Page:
Basra is a Iraq’s main port, and is located in the south of the country, 34 miles from the Persian Gulf. Access to the gulf is via the Shatt al-Arab waterway, a river that discharges into the gulf in the port city of Umm Qasr.

46. Turn down : NIX

The use of “nix” as a verb, meaning “to shoot down”, dates back to the early 1900s. Before that “nix” was just a noun meaning “nothing”. “Nix” comes from the German “nichts”, which also means “nothing”.

47. Shrek’s relatives : OGRES

Before “Shrek” was a successful movie franchise and Broadway musical, it was a children’s picture book called “Shrek!” that was authored and illustrated by William Steig. The title “Shrek!” came from the German/Yiddish word Schreck, meaning “fear” or “terror”.

48. Priestly attire : ALB

An alb is a white, neck-to-toe vestment worn by priests, usually with a rope cord around the waist. The term alb comes from “albus”, the Latin word for “white”.

49. 34, for each row, column and main diagonal in a 4×4 magic square : SUM

A magic square is a series of numbers arranged in a square so that all lines of numbers, including diagonals, add up to the same total. Such squares have been used for centuries to create talismans designed to bring good luck.

52. Summer hours: Abbr. : DST

Arizona and Hawaii are the only two states in the US that do not observe daylight saving time (DST), having opted out when the Uniform Time Act was passed by the US Congress in 1966. Some Native American nations in Arizona observe DST, and some don’t. As a result, times can change back and forth a few times while driving across Arizona during the summer.

60. Irish Rose’s love : ABIE

“Abie’s Irish Rose” is comedy play by Anne Nichols that opened in 1922 on Broadway and ran for over five years. Back then, that made it the longest run for any show in New York. The show then went on tour, and stayed on tour for an amazing 40 years. The play tells of a young Jewish man called Abie Levy who marries an Irish Catholic girl called Rosemary Murphy. Abie lies to his family and pretends that his “Irish Rose” is Jewish.

61. The Runnin’ Rebels of the N.C.A.A. : UNLV

The University of Nevada, Las Vegas (UNLV) sports teams are called the Rebels and the Lady Rebels, or in the case of the men’s basketball, the Runnin’ Rebels.

64. Miracle Met Tommie : AGEE

Tommie Agee was a Major League Baseball player who played mainly with the Indians, White Sox and Mets. He was one of the “Amazin’ Mets”, and was famous for making two phenomenal catches in game three of the 1969 world series, potentially saving five runs. Agee was also the first Mets outfielder to win a Gold Glove, doing so in 1970.

Down

2. Retail giant in furniture : IKEA

The furniture chain IKEA was founded by Ingvar Kamprad in 1943, when he was just 17-years-old. IKEA is an acronym standing for Ingvar Kamprad Elmtaryd Agunnaryd (don’t forget now!). Elmtaryd was the name of the farm where Ingvar Kamprad grew up, and Agunnaryd is his home parish in Sweden.

4. Some counterintelligence targets : SABOTEURS

There is a story that disgruntled textile workers would kick their wooden shoes, called sabots, into the looms in order to disable them so that they didn’t have to work. This act of vandalism was named for the shoe, an act of … sabotage.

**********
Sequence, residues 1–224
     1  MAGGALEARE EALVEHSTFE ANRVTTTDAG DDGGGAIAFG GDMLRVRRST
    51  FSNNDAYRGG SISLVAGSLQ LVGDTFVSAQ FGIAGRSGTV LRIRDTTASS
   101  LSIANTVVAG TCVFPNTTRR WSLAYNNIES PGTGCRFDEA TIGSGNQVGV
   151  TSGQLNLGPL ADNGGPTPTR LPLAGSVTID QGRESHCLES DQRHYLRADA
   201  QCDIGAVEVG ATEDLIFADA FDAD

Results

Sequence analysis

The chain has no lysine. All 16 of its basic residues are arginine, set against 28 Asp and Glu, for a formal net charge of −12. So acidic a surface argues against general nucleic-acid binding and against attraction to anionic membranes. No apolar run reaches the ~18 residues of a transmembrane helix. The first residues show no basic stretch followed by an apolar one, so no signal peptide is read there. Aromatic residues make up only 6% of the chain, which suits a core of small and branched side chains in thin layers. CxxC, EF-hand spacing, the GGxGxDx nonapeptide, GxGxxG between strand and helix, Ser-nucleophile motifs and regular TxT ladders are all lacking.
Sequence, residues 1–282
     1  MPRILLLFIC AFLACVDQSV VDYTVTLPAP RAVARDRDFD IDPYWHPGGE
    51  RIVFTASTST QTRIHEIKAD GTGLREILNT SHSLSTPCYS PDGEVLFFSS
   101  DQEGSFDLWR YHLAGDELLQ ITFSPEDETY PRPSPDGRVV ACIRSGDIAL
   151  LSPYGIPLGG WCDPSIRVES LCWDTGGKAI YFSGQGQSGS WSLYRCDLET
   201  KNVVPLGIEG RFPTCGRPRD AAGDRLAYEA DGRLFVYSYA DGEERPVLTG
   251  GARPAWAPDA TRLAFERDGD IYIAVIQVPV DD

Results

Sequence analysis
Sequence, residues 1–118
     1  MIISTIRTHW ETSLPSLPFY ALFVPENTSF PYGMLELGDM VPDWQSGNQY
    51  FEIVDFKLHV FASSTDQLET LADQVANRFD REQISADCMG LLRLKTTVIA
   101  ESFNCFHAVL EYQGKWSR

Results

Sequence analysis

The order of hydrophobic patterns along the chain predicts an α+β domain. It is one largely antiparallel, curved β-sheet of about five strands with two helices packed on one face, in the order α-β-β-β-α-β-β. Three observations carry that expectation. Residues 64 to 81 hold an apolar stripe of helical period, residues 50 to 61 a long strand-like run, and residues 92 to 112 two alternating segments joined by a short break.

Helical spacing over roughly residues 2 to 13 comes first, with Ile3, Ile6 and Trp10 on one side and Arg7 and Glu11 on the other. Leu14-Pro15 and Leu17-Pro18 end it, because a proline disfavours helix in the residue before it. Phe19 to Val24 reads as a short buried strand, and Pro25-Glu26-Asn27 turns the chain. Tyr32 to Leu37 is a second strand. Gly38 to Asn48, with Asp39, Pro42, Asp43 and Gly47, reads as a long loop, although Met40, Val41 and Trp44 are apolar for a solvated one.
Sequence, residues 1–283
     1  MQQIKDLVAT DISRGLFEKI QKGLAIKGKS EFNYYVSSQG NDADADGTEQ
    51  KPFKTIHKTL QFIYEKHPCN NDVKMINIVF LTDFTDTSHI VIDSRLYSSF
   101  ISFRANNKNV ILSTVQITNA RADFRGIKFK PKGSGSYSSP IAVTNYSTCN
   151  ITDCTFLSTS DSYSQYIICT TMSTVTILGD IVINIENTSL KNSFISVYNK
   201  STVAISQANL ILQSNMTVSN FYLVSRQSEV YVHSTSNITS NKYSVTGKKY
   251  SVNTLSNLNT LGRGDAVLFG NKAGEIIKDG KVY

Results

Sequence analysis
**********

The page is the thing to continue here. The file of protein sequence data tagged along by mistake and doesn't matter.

6. Mayflower Pilgrim, e.g. : COLONIST

The early settlers of the Plymouth Colony were known as English Dissenters and belonged to congregations that separated from the Church of England. Many English Dissenters headed for Holland in the Netherlands, but the Mayflower Pilgrims opted to set up a new colony in North America in an effort to maintain their English cultural identity.

7. Procter & Gamble detergent : ERA

Era was the first liquid laundry detergent produced by Procter & Gamble.

8. Scotland’s longest river : TAY

The Firth of Tay is an inlet on the east coast of Scotland, into which empties Scotland’s largest river, the Tay. The city of Dundee lies on the Firth, and the city of Perth a little further inland on the Tay.

9. It has a head and hops : ALE

The foodstuff that we call “hops” are actually the female flower of the hop plant. The main use of hops is to add flavor to beer. The town in which I live here in California used to be home to the largest hop farm in the whole world. Most of the harvested hops were exported all the way to the breweries of London, where they could fetch the best price.

10. Danger for homeowners : TERMITES

Termites are insects that are somewhat unique in that they can digest cellulose (as can ruminants such as cattle). Because of this diet, they cause a lot of trouble for human populations by feeding on wood in man-made structures.

11. Big name in nail polish : ESSIE

Essie Cosmetics is a company that was founded by Essie Weingarten, and which is now owned by L’Oreal. Apparently, Queen Elizabeth II will only wear Essie’s Ballet Slippers color nail polish. Well, that’s what Wikipedia claims …

14. ___ Trail (path in the Andes) : INCA

The Incas built almost 25,000 miles of road, and much of that roadway system persists to this day. The most famous section is known as the Inca Trail to Machu Picchu. The backbone of the system is formed by two north-south routes, one running along the west coast of the continent, and the other running relatively parallel, further inland.

15. Org. with a lot of links on its website : PGA